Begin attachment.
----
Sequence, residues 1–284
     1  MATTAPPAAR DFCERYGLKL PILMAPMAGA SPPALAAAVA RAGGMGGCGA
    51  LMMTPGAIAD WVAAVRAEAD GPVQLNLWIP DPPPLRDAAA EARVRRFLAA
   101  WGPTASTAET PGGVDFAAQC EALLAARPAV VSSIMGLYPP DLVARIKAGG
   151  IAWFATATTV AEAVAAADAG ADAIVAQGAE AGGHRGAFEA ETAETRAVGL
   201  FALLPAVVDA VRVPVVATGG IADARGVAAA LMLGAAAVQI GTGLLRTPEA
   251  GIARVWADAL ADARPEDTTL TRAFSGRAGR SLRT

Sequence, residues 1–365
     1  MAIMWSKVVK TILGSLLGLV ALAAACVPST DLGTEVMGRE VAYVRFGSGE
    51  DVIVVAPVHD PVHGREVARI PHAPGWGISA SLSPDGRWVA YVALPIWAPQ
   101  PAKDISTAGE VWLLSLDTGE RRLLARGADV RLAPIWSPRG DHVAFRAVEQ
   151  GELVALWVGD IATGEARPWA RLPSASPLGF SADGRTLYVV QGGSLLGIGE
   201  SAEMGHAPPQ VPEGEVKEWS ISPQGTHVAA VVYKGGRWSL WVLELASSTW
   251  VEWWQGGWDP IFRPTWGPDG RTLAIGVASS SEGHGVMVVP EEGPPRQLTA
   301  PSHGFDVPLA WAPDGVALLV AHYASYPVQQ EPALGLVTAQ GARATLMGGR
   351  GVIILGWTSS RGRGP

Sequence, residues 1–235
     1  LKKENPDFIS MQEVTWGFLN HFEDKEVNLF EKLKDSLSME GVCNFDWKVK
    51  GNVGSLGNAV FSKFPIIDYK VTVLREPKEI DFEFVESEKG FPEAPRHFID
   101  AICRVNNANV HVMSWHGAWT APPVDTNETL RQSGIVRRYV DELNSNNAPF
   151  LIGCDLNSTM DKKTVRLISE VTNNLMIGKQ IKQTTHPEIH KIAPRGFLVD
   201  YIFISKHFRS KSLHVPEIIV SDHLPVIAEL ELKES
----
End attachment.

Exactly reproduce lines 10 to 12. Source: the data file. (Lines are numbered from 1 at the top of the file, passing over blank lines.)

    51  DVIVVAPVHD PVHGREVARI PHAPGWGISA SLSPDGRWVA YVALPIWAPQ
   101  PAKDISTAGE VWLLSLDTGE RRLLARGADV RLAPIWSPRG DHVAFRAVEQ
   151  GELVALWVGD IATGEARPWA RLPSASPLGF SADGRTLYVV QGGSLLGIGE